SAN DIEGO — Do you remember where you were the last time the Raiders won a game?
It was Oct. 4, 1987. Robert Bork was a nominee for the Supreme Court. Douglas Ginsburg was just a gleam in Ed Meese's eye. The Dow Jones average was 2,640. Matt Stevens was the quarterback for the opposition. The Raider regulars were picketing the Coliseum. The Raiders beat the Kansas City Chiefs' strike team, 35-17, to go 3-0.
That was six weeks ago, including Sunday night, when the No Longer Suitable for Prime Time Raiders bowed, 16-14, to the San Diego Chargers, running their losing streak to six games, their longest in 25 years.
As they have in every game since the strike, the Raiders jumped out to a big deficit. They trailed the Seahawks by 28, the Patriots by 23, the Vikings by 18 and Sunday night, the Chargers by 16-0 in the fourth quarter before rallying for two late scores, the second on Marc Wilson's 47-yard touchdown pass to James Lofton with 16 seconds left.
After that, they could only squib an onside kick out of bounds, watch Dan Fouts fall on the ball and say good night.
Maybe they've just forgotten how it's done?
The Raiders weren't awful Sunday night, just bad enough. They did whatever it took to lose.
They were assessed an astounding 186 yards in penalties, and those were just the ones, 17 of them, that were accepted.
Marc Wilson, taking over for Rusty Hilger, threw an interception on his first pass--has any quarterback ever thrown as many first-pass interceptions as Marc Wilson?--leading to the lone Charger touchdown. Lionel Washington was called for defensive holding that gave the Chargers a first down on a third-and-26 to prolong the touchdown march. Washington was called for a 30-yard pass interference on the next drive, leading to a field goal. Mervyn Fernandez fumbled on the next possession, leading to another field goal. (And Dokie Williams played the second half in Fernandez's place).
"We lost a game we should have won," Marcus Allen said. "They didn't do anything special. We made too many mistakes."
There's a good reason for that, too. The Raider offense has three holdover starters from the end of last season. One of those is Allen, who lined up at a new position--fullback, alongside Bo Jackson--for half the night.
"I think that's definitely a factor," Allen said. "We've got a lot of new faces on the offensive line, two new wide receivers, now we've got another back. It's tough but nobody said it was going to be easy.
"We just self-destructed. You can't win a game when you have 200 yards in penalties. We must have set a record."
The game was fought on even terms only briefly. The Raiders held the Chargers on the first possession, forced a punt, took over at their own 19 and turned the ball over three plays later, when Wilson's pass over the middle for James Lofton went to linebacker Billy Ray Smith, instead, at the Raider 22.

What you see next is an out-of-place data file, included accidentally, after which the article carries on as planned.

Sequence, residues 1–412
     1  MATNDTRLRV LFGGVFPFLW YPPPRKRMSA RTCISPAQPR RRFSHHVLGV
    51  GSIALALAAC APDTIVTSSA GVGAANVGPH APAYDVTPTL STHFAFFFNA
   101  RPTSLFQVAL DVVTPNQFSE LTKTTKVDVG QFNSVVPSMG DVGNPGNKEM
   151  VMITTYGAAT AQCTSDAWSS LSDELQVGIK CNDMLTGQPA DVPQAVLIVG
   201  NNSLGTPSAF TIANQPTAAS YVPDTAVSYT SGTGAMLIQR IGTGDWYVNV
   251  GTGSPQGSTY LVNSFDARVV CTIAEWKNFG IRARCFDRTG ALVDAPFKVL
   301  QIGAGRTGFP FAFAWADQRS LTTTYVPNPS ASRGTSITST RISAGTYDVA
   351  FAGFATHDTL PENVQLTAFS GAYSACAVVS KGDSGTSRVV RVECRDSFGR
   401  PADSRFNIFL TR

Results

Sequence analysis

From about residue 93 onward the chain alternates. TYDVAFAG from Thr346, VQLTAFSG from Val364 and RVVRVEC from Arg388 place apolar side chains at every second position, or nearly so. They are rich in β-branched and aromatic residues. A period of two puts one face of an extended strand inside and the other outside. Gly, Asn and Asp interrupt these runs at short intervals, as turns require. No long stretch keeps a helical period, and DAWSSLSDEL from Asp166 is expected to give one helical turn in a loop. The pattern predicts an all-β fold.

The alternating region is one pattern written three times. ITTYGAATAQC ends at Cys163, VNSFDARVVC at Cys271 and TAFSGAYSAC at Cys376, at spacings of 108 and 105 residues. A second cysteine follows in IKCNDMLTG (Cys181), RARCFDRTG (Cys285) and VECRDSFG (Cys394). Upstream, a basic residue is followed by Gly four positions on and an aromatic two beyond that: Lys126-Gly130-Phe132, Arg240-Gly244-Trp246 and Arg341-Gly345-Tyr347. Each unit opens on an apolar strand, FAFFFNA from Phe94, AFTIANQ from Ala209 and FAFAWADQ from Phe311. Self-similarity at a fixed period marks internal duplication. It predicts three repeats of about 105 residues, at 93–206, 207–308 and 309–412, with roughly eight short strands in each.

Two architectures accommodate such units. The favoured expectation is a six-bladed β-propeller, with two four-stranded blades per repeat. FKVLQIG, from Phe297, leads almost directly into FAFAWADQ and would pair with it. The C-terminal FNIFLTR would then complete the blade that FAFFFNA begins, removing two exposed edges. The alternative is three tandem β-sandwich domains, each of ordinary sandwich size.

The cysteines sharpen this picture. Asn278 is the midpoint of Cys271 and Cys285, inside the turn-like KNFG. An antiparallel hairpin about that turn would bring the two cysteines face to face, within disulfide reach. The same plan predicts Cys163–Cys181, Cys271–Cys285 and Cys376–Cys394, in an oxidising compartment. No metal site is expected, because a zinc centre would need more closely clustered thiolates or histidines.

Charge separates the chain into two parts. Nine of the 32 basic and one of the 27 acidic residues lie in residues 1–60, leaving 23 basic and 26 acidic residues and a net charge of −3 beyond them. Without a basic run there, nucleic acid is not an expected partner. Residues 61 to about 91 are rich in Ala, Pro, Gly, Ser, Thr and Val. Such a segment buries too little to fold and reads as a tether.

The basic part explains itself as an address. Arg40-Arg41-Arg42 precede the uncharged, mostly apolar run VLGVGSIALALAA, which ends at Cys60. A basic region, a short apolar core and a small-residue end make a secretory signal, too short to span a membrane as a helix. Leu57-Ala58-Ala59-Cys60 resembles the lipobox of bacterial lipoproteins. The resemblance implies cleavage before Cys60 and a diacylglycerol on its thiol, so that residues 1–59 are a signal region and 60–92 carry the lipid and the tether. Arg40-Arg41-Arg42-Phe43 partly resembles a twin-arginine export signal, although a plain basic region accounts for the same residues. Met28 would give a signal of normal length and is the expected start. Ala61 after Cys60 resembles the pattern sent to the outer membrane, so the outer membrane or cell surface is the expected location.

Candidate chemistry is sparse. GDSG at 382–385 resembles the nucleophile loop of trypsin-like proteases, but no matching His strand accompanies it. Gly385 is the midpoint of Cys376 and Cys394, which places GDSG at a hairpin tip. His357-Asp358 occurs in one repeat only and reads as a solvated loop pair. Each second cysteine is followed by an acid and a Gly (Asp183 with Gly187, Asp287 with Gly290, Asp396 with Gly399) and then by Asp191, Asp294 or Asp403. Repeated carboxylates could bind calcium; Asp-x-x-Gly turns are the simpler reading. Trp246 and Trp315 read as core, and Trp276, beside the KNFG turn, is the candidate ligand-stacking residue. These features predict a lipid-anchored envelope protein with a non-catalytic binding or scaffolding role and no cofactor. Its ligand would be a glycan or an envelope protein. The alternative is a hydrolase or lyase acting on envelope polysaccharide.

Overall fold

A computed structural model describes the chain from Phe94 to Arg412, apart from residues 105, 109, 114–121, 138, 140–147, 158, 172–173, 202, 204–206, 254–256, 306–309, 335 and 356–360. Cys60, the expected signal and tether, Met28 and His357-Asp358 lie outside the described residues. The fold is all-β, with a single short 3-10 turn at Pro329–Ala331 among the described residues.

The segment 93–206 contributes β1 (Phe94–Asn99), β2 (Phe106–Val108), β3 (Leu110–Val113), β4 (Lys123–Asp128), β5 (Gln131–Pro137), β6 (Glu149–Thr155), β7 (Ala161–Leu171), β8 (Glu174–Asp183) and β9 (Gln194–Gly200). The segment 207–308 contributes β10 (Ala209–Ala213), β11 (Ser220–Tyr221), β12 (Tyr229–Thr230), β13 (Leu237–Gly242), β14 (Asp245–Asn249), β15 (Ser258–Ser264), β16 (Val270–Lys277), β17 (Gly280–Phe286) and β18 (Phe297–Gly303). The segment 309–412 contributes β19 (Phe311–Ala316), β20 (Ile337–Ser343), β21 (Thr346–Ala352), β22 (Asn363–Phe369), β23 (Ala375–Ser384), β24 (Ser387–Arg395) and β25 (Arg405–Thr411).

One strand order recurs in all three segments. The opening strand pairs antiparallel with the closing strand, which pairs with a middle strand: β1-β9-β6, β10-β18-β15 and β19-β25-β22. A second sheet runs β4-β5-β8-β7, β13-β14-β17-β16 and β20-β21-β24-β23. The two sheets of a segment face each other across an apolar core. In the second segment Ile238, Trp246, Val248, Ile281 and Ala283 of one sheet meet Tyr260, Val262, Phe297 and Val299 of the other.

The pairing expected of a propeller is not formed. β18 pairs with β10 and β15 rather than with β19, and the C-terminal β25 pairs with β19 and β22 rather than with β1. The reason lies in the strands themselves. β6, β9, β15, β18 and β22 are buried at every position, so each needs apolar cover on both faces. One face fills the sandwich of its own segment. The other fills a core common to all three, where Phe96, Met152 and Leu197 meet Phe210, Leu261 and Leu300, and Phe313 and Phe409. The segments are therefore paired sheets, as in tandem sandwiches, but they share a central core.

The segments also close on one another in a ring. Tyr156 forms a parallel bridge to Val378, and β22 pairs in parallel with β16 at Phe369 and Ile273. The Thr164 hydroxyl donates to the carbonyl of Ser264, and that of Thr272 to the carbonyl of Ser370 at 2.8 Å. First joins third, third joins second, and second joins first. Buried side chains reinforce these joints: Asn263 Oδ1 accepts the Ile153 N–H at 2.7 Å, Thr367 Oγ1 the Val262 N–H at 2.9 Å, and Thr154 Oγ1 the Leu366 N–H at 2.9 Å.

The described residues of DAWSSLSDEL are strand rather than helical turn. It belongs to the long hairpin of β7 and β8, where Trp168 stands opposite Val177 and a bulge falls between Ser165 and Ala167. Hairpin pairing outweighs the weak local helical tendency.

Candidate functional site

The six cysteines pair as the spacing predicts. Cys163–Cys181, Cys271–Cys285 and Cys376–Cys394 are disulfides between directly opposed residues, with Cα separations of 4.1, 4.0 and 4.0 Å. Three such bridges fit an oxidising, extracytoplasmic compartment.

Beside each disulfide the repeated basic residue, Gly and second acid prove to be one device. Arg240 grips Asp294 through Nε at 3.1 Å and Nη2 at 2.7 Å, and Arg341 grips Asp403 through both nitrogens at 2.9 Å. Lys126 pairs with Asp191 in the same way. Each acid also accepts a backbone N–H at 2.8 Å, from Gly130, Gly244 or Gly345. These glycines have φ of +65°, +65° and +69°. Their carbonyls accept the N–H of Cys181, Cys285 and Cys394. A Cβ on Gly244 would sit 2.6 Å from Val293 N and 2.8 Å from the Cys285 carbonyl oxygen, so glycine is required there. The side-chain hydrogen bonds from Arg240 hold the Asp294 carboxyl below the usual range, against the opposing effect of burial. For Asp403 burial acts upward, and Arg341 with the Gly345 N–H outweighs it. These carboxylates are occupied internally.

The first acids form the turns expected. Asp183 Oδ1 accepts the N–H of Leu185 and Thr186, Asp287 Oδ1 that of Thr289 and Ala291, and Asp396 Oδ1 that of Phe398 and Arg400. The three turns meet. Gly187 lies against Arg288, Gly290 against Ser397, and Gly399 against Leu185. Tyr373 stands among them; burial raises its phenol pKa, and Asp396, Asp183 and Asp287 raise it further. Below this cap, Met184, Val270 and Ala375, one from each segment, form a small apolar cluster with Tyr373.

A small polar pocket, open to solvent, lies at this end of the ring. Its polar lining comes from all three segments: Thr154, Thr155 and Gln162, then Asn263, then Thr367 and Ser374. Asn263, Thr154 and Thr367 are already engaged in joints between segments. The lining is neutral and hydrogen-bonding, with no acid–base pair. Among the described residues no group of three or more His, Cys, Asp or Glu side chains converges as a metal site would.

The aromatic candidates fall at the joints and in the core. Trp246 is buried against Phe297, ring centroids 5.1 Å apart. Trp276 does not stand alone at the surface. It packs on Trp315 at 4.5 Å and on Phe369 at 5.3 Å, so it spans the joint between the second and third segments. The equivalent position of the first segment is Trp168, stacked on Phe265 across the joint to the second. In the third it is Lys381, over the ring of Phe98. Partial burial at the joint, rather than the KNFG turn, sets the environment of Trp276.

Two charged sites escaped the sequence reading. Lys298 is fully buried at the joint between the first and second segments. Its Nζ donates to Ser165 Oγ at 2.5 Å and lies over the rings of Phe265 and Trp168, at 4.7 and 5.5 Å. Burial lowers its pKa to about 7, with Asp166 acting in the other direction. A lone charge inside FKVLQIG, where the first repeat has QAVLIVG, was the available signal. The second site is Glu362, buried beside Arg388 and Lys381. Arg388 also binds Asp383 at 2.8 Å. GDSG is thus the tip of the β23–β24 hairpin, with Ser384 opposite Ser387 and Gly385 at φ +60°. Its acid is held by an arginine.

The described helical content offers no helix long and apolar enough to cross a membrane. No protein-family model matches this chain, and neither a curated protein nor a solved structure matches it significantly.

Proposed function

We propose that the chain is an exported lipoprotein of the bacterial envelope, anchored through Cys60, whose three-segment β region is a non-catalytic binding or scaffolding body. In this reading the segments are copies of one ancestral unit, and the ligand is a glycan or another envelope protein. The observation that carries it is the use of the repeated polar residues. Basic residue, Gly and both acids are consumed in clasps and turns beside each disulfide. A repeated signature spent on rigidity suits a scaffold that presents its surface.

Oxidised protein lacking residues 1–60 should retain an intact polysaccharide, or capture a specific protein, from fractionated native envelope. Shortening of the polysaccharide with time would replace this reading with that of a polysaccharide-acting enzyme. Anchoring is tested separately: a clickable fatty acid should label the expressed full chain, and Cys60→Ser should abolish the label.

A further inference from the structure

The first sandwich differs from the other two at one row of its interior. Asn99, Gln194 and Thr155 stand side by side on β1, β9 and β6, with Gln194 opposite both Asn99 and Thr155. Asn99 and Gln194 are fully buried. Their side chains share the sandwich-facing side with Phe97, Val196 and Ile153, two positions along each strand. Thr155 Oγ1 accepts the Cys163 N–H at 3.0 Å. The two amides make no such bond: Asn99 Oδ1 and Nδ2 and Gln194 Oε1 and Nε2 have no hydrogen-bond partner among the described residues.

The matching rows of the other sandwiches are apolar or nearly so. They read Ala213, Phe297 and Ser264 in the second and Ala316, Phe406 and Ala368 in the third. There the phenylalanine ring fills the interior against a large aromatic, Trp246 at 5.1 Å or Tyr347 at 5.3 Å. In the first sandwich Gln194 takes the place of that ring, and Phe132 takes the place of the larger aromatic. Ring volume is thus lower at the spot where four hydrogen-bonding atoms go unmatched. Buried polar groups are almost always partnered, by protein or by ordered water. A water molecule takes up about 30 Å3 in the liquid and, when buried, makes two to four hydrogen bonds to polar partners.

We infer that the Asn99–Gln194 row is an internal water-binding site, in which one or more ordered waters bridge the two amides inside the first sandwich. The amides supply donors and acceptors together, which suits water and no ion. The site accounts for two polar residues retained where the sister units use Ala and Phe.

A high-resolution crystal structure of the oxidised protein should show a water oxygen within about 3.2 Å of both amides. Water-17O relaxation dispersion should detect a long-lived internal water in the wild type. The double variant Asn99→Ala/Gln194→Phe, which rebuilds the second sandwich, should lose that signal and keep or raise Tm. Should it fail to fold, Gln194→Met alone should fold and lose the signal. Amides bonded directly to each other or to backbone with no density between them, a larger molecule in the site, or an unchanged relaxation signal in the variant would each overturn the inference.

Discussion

"I saw (Smith)," Wilson said. "That was a hook to James. I thought James was going to keep going and hook in front of him. James stopped before he got to Billy Ray. Billy Ray caught it."
All wasn't lost quite yet. Two plays later, the Chargers had a third-and-21, but of course, the Raiders have been coughing up conversions on these recently. This time, Washington was called for holding and the Chargers had a first down at the 22 again.
This time they moved forward. On third-and-eight at the nine, Fouts hit Kellen Winslow, who was completely unguarded in the left flat. Winslow tripped daintily into the end zone. The Raiders presumably blew a coverage. Linebacker Rod Martin was the closest Raider but that wasn't very close.
Late in the first period, the Chargers went 64 yards--30 on pass interference by Washington on Gary Anderson going long--to the Raider 20 and Vince Abbott, the former Raider camper, kicked a 38-yard field goal, his sixth in a row.
"We used to make fun of him," said Howie Long.
"A fat little guy named Abbott?" Long said.
Who's laughing now?
The Raiders got the ball back. On the very first play, Wilson hit Fernandez who fumbled at the Raider 36. Five plays later, Abbott kicked a 47-yarder for No. 7.
And a few minutes later, the Chargers mounted another modest effort, driving from their 49 to the Raider 22, where upon the funny little fat man kicked No. 8, to make it 16-0.
The way the Raider offense was going, that lead looked like it would be safe until Super Sunday. Indeed, the Chargers proceeded to try to take the air out of the ball for the entire second half.
Midway through the fourth quarter, however, Fouts floated a pass over the middle, over his receiver, right to safety Eddie Anderson, the Raider replacement player who has made the regular team. Anderson accepted the gift and exploded 58 yards in the other direction, to the Charger 19. Three plays later, Wilson hit Williams for five yards and the first Raider touchdown.
The Raiders threatened no more, until Wilson hit Lofton with that pretty bomb over a sub Charger corner named Charles Romes with 16 seconds left. By then, it was too late.
Of course, for the Raiders, it's been too late for a while.
"To be honest with you," said Tom Flores, "I'm at a loss for words."
Todd Christensen was held to two catches for 38 yards, only the second time the Chargers had held him under 100 in the last nine games. . . . Marcus Allen, on the first half: "It was embarrassing. I was trying to exude that enthusiasm but sometimes it's hard. Some people are self-motivated and some people are not." . . . And Allen on playing alongside Bo Jackson: "I enjoyed it." . . . Jackson gained 45 yards in 8 carries. He now has 156 yards in 27 carries, a 5.8 average. As usual, he ducked the press.